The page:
As I gradually return to face to face work, I’m remembering the pros and cons of training to a room of real life humans. Most of the cons are to do with travel and the amount of energy it takes to get places and then train for two long days. So I was delighted to be able to do a course on home ground in Hebden Bridge – even more so that it was a group from our local LGBTQ+ organisation, Happy Valley Pride.
Perfect for Pride month of course. But I have been working with Happy Valley Pride for a while now on a number of mental health related projects, as part of their Mind Your Head Campaign in partnership with The Brunswick Centre. During the pandemic, we discussed the impact that lockdown was having on the LGBTQ+ community, I ran a pair of webinars – first on anxiety, and then depression as we approached the festive season, which isn’t always the easiest time.
And now this past week we finally had the opportunity to do something in person, and we now have 9 brand spanking new Mental Health First Aiders equipped to support themselves, their friends, families and colleagues.
It was genuinely one of the nicest groups I’ve ever worked with – lovely, thoughtful and considerate people. Happy Valley Pride do wonderful work in the Calder Valley, including the week long festival which returns on 25th-31st July this year – there are always a good variety of interesting activities and events to suit all tastes.
Working with Happy Valley Pride is very important to me – I am a member of the LGBTQ+ community – people don’t always realise because I am a Bi woman in a heterosexual marriage, currently very Cis-femme presenting but that doesn’t really reflect my inner feelings of gender, which are more fluid, or non-binary. My sexual orientation has interacted with my mental health in many ways, positive and negative over the years – and I am not alone.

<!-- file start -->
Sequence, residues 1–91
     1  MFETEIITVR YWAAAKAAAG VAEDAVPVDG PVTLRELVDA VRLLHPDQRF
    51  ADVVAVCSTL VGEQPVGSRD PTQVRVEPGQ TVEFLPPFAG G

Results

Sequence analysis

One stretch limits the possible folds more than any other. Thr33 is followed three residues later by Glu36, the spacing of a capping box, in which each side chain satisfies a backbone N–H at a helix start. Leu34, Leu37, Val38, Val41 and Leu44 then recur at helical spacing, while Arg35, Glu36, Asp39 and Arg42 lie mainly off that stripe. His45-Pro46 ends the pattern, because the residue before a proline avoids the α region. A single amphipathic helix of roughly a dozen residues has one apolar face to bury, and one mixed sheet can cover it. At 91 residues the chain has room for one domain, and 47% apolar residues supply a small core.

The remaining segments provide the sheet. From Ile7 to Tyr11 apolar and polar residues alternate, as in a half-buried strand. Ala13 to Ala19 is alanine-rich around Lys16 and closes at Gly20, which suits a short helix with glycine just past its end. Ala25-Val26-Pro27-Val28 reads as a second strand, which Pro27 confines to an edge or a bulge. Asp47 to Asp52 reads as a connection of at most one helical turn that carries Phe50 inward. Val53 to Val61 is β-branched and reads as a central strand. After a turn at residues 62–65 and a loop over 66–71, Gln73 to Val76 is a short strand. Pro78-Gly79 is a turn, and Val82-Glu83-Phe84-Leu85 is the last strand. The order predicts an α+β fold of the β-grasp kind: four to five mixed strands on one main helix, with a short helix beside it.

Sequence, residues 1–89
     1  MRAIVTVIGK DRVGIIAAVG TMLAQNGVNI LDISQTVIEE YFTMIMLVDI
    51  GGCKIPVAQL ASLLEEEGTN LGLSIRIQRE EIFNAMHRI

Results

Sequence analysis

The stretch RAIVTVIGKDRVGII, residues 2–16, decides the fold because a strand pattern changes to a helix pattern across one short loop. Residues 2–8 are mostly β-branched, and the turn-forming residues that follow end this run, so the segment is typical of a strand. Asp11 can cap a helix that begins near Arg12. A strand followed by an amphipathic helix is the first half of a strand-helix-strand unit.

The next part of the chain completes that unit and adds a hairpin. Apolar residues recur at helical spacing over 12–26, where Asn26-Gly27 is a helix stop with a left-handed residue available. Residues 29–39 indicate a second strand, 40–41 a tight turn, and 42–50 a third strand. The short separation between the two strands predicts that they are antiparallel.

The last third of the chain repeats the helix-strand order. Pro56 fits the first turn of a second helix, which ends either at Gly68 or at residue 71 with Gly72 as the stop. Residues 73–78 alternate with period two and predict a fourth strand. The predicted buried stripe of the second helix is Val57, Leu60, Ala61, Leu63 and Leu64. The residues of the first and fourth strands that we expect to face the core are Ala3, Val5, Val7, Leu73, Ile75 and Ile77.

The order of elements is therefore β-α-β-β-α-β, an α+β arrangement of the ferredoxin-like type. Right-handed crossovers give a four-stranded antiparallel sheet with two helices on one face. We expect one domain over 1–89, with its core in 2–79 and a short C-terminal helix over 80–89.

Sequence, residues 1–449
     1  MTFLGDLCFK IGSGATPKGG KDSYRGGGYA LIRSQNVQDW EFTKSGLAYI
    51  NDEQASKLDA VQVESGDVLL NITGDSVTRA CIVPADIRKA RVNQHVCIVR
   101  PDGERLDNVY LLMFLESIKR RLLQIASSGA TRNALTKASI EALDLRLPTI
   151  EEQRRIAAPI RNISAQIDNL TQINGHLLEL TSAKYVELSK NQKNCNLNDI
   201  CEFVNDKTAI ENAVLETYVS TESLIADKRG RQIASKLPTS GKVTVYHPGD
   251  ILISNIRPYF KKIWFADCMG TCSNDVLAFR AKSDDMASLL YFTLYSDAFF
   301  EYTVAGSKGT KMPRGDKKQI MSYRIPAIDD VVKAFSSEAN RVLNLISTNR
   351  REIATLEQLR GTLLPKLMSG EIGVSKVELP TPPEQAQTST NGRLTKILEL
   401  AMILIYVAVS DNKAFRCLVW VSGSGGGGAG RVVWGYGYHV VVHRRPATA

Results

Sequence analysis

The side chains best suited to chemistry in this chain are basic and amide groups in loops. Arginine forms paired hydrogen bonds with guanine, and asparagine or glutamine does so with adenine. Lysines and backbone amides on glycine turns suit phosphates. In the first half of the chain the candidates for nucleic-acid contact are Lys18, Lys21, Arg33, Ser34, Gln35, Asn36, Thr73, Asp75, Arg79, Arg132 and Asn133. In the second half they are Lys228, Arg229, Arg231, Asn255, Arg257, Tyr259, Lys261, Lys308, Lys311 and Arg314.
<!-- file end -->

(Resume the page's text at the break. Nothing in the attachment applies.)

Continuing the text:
Statistics around the prevalence of mental ill health within the LGBTQ+ community are not happy reading. It is not being LGBTQ+ which causes mental illness, but rather our experiences of stress, discrimination and trauma. We in the UK have made great progress even since I was at school 30-40 years ago. But things are still not perfect, and the backlash and desire to push us back into the shadows can still be felt. Even where people may be accepting of Lesbian, Gay, Bi/Pan people – we see Trans and Non-Binary siblings experiencing horrendous prejudice and hate.
Hebden Bridge is a bit of an oasis in some ways – we have a higher than average LGBTQ+ population due to a large number of lesbians deciding to make the town their home since the 70s. The town’s history and demographics are fascinating. Not to say we are without tensions or homophobia – but there are many young people growing up here in families with much more progressive attitudes around identity than is the case in some other areas – and was the case when I was growing up. Hopefully they will become adults in a world where their rights and safety are secure – and where they are able to thrive. Hopefully their mental health will be better than their predecessors.
Even if we never experience any discrimination or negativity, the sad fact is, that growing up in a homophobic world, or a world where we are worried we may be rejected by those we love – increases our chance of mental ill health. Much of Mental illness is about feeling unsafe. Feeling threatened. From the moment you realise you are not the heterosexual, or Cis person the world generally assumes you to be – you start to wonder what it will mean for you. You look at the world for cues of what to expect, and the world warns you that there may be trouble ahead. The better your relationship with family and friends, the more you fear losing them by revealing your truth. So your anxiety grows. Hopefully without cause. Hopefully coming out is received with warmth and love and you live happily ever after and are able to fully express the many facets of your true self joyfully and with pride.